When trying to determine the key factors that allow phishing attacks to infiltrate organizations, all paths lead to a lack of cybersecurity education among employees. Human error, paired with corporate cultures that fail to prioritize cybersecurity education, are often the culprits when businesses fall victim to phishing attacks. In fact, a global survey over 400 C-suite execs by the management consulting firm A.T. Kearney showed that cybersecurity (at 43 percent) is the top operational challenge they faced. This can be due to the fact that many employees have never received adequate security awareness training, if any at all.
So, why does phishing keep happening? It’s because people continue to fall for it! However, if organizations begin to prioritize security training and education, they can prevent their employees—and their sensitive business data—from being such easy targets.
How Companies Can Catch Phishing
The first line of defense against phishing attacks is to enhance education around email security. Failing to establish per-message authenticity company-wide puts organizations at risk of targeted email attacks.
It is imperative that all employees in an organization understand what a phishing email looks like and how to avoid becoming a victim. However, this is only possible when users are given the tools and training needed to detect potential phishing emails. In addition, companies need to develop policies and provide instructions on what users should do if they suspect phishing.
Tips to Protect Against Phishing
1. Be wary of suspicious emails and common phishing phrases
The simple fact is that legitimate businesses are not going to request sensitive information via email. Any email that asks for personal information should raise suspicion. Instruct customers to ignore any emails asking for anything related to account information, passwords or any other sensitive information, unless they are specifically expecting that email. If you do need to enter personal information via an email, make sure the link goes to a legitimate website that you recognize.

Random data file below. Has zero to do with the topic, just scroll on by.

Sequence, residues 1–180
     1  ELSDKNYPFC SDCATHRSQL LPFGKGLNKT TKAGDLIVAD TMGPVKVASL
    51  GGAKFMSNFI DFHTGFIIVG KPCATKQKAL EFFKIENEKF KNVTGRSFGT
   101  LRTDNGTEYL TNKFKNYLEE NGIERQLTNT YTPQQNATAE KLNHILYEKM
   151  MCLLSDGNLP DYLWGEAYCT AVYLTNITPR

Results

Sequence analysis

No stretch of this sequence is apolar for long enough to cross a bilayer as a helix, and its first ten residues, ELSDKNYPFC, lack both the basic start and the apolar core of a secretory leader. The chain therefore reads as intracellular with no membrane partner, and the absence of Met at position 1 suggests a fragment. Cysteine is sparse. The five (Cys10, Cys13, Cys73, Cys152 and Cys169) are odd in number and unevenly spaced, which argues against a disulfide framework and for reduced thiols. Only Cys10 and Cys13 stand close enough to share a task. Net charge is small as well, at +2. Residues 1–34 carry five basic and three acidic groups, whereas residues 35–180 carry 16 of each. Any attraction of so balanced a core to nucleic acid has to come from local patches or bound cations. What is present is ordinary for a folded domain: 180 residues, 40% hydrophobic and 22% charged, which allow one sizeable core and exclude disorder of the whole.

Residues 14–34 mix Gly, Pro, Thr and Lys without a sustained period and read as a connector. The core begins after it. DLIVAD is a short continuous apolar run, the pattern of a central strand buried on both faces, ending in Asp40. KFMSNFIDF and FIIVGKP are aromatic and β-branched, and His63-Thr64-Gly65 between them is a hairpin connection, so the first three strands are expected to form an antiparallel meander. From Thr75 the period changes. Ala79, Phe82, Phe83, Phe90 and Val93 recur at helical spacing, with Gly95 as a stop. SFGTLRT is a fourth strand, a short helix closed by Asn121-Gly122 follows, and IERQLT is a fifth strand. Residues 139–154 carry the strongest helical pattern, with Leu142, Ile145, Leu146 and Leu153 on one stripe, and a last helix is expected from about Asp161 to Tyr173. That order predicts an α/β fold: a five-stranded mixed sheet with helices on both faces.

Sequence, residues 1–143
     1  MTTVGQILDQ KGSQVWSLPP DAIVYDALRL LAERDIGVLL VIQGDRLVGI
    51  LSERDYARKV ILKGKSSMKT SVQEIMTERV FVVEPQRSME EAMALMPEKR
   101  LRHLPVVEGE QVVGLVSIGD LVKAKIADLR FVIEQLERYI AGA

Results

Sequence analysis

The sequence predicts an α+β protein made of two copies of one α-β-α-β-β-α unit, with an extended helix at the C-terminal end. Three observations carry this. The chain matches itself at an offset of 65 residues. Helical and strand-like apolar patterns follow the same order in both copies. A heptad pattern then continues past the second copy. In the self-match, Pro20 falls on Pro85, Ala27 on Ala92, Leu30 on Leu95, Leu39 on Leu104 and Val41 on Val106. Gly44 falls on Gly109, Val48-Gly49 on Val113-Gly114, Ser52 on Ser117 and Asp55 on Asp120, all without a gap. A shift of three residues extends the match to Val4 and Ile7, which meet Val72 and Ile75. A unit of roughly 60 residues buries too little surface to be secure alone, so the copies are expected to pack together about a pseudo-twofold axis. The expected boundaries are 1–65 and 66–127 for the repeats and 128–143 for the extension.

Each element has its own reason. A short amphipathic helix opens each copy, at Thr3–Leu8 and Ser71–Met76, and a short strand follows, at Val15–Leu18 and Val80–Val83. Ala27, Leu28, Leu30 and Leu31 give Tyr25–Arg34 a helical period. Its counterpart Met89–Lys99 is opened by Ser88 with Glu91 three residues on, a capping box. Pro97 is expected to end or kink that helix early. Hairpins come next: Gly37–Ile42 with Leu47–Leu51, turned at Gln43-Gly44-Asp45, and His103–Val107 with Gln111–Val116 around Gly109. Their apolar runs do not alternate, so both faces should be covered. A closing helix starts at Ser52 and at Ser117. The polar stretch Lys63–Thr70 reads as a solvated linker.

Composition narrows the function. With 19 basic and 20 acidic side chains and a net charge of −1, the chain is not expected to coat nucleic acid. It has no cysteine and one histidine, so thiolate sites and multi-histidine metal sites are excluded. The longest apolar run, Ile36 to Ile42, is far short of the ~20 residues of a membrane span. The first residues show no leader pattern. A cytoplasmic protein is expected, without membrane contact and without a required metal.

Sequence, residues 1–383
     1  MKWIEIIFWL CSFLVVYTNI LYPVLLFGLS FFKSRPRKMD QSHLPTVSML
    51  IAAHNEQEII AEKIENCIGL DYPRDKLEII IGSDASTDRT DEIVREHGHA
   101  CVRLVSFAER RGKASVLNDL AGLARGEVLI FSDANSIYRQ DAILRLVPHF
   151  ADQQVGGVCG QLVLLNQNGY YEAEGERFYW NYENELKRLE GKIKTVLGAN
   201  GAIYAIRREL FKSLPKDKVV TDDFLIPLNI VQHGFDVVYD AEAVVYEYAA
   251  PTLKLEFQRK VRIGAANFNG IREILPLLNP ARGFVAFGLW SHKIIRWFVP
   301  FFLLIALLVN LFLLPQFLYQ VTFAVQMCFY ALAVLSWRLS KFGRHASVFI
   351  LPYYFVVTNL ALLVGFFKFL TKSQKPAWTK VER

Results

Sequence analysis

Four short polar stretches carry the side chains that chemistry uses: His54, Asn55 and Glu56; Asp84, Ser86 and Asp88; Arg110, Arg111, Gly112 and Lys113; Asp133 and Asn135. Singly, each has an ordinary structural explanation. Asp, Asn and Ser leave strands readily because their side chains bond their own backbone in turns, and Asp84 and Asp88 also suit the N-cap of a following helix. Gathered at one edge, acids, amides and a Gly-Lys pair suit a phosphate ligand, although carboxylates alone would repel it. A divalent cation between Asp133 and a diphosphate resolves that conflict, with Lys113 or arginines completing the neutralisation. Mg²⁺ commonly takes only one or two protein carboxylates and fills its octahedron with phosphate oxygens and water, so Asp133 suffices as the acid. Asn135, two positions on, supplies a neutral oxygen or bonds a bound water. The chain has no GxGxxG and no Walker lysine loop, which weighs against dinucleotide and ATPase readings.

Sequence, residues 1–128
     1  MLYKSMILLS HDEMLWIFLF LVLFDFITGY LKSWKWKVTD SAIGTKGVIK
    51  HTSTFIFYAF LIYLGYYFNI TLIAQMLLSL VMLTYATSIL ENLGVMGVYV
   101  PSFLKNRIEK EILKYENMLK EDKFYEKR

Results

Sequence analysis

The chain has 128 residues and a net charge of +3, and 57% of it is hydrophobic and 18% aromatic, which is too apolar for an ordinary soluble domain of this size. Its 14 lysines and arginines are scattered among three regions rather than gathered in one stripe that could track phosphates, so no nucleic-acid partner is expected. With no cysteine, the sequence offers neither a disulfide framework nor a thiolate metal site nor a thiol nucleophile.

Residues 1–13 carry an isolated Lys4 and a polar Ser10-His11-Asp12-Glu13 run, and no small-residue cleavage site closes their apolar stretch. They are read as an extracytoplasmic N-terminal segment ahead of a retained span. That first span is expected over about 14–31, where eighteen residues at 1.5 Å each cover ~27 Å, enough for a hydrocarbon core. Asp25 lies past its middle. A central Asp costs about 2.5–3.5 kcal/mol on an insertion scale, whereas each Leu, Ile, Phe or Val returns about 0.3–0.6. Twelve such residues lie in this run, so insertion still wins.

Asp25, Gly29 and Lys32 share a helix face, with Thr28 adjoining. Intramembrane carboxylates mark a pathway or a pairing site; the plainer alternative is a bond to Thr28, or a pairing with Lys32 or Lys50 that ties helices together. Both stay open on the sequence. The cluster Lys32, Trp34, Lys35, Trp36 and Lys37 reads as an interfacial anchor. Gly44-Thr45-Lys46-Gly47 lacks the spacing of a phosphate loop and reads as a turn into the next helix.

2. Always check website addresses
Most people don’t pay close attention to the site that they are clicking on when they click a link. But did they know that they can reveal the actual link that a “Click Here” button or text link an email is pointing to? When hovering over a link, the user can simply preview the site, and if it’s not going to the actual company site or a website that they recognize, then clicking on that link could invite numerous problems, including a potential phishing website or installing a piece of malware onto the users device.
3. Always know what links you are clicking on and where they lead
Along the same line as clicking on a website from an email, it is imperative to preview or check all links clicked on at all times. Everyone has experienced that feeling of “I shouldn’t have clicked on that one!” as their computer starts to show the effects of malware, spyware and more. Many browsers will give a preview of where the link leads before you click it—which is a feature that should always be used, especially if the website is questionable. If you don’t recognize the link you’ll be clicking to or are worried about the title, don’t click it.
4. Don’t input personal information unless you are absolutely sure of the website
NEVER give personal information if there is even a shred of doubt.